Tobacco use induces physical and psychic dependence on most consumers, affects the entire human body and is the leading cause of preventable morbidity and mortality, smokers have worse health indicators than non-smokers and a shorter life expectancy, on average ten years.
It is estimated that about half of regular smokers die as a result of tobacco use, 1 in 4 between 25 and 59 years of age.
The earlier you stop smoking, the greater the benefits and the resulting recovery in your life years. The act of lighting a cigarette is related to everyday situations such as eating or drinking coffee. The absence of nicotine causes anxiety, irritability, nervousness, headache, insomnia, difficulty concentrating and imperious desire to smoke.
Most smokers would like to stop smoking and attempt smoking cessation six to nine times during their lifetime, which corresponds to about 80%. Without help, those who do not smoke after one year do not exceed 7% and with medical help this figure rises to 25% to 35%. The key factors for smoking cessation are three: smoker motivation, counseling, and drug use.
To quit smoking we count on the smoker's motivation and change of habits, we ask that you set a date to quit smoking, share the decision with family and friends, and prepare that day. We also ask that you change some behaviors, exercise, healthier diet, less salt and fat, less alcohol and more water. Long-term success rates are higher with pharmacotherapy and psychological support. The use of pharmacological therapy doubles the chances of success.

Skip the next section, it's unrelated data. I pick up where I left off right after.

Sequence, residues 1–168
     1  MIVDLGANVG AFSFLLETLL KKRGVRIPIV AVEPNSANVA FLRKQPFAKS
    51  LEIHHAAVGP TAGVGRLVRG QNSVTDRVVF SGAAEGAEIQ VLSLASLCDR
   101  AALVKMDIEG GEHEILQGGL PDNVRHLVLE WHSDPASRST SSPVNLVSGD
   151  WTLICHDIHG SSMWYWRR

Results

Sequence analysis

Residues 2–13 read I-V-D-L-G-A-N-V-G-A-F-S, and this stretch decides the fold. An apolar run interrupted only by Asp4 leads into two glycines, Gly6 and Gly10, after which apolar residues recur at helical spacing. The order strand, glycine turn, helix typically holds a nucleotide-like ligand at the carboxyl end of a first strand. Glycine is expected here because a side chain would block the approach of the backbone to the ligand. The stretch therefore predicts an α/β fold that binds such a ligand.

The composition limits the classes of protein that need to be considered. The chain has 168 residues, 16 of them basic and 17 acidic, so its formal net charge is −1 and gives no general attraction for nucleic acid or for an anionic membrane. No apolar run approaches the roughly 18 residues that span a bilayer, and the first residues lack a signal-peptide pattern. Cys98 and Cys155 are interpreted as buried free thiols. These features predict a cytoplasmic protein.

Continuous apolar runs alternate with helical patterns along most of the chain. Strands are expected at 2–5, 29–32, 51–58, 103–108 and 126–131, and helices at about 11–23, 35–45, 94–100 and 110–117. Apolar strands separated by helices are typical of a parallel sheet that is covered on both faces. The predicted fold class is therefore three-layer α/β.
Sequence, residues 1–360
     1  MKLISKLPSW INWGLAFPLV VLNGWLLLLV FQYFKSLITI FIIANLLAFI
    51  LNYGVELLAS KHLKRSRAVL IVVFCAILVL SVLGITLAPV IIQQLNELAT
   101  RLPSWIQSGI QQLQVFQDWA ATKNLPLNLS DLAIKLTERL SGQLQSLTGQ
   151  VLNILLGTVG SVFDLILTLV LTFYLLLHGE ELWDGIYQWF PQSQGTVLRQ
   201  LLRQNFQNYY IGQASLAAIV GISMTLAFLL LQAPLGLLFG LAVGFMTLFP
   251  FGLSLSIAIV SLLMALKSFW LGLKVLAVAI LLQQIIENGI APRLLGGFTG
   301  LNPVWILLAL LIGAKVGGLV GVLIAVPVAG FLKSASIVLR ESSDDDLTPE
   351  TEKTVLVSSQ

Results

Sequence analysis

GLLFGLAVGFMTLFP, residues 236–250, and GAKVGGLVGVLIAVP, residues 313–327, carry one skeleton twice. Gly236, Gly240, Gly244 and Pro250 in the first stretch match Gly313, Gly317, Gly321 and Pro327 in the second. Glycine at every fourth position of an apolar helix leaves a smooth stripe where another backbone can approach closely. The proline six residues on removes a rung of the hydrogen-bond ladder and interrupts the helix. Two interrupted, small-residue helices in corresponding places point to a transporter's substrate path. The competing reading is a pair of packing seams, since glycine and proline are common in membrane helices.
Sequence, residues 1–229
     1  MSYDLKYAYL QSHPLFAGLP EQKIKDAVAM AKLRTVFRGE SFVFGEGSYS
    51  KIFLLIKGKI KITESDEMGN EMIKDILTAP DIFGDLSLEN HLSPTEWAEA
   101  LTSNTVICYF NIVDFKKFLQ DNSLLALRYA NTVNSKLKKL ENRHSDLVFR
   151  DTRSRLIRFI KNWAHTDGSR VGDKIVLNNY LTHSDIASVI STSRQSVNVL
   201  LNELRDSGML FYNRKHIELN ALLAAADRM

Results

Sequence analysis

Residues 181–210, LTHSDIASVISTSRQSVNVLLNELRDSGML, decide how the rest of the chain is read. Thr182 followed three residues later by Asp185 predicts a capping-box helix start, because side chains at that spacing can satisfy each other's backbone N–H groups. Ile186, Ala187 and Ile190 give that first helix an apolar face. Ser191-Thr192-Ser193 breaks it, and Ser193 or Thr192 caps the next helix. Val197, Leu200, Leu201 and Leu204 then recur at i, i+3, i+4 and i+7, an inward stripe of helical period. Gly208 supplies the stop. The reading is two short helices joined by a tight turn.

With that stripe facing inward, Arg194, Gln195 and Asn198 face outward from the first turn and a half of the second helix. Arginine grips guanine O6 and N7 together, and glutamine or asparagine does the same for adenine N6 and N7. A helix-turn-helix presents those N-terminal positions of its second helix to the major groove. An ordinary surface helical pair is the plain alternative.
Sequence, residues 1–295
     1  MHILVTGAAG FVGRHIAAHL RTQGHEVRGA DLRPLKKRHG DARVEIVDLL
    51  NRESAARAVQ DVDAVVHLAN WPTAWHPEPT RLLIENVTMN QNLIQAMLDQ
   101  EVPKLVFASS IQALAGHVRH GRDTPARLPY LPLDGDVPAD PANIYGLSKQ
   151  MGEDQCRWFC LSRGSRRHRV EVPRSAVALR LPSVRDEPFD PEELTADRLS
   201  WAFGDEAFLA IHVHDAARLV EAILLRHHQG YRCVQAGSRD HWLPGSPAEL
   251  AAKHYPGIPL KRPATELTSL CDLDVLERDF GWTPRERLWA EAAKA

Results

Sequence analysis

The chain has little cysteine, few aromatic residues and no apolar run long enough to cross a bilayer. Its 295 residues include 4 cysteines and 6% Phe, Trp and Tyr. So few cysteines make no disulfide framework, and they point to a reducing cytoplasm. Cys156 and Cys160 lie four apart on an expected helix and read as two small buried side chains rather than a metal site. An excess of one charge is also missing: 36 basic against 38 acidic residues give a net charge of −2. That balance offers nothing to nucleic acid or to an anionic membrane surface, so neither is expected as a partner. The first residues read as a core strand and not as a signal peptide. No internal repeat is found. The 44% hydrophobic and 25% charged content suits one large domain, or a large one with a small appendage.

Intensive support intervention should be offered to smokers who seriously consider quitting in the next 30 days, those who smoke their first cigarette within 30 minutes of waking, those who smoke more than 20 cigarettes a day, relapsing or experiencing severe deprivation syndrome. Smokers with tobacco-related pathologies such as COPD, cancer and cardiovascular disease, smokers with other addictive behaviors, and pregnant smokers should also be referred for smoking cessation consultations.
Successful smoking cessation is greatest among men, those with the highest level of schooling, and those who have been able to stop in long-term attempts.
They are factors of worse prognosis the high dependence to tobacco, depressed smokers or that integrate families of great smokers.
Pharmacotherapy for nicotine addiction aims to reduce the symptoms of deprivation, allowing them to learn to live without smoking and to provide the effects that the smoker took from tobacco: concentration, less irritable temperament, weight control, etc.
Top-line drugs are nicotine substitutes, such as varenicline, a non-nicotinic compound that reduces the symptoms of intense craving and withdrawal while reducing the payoff from the effects of smoking. The EAGLE study published in 2016 and involving more than 8000 smokers showed very interesting data: varenicline proved to be more effective than placebo. There was no significant increase in side effects attributable to varenicline over nicotine substitutes and placebo.
Relapse is part of the therapeutic process of smoking cessation and is frequent, it must be prevented, identifying high risk situations, training the approach to dealing with them.
It is also recommended that the fight against tobacco consumption should begin in schools, in our children avoiding the start of consumption and it is the task of all health professionals to address the smoking of our users and, in smokers, to propose strategies that allow stop consumption.
An article by Dr. Rui Alves, specialist in General and Family Medicine at the Sete Rios Health Center.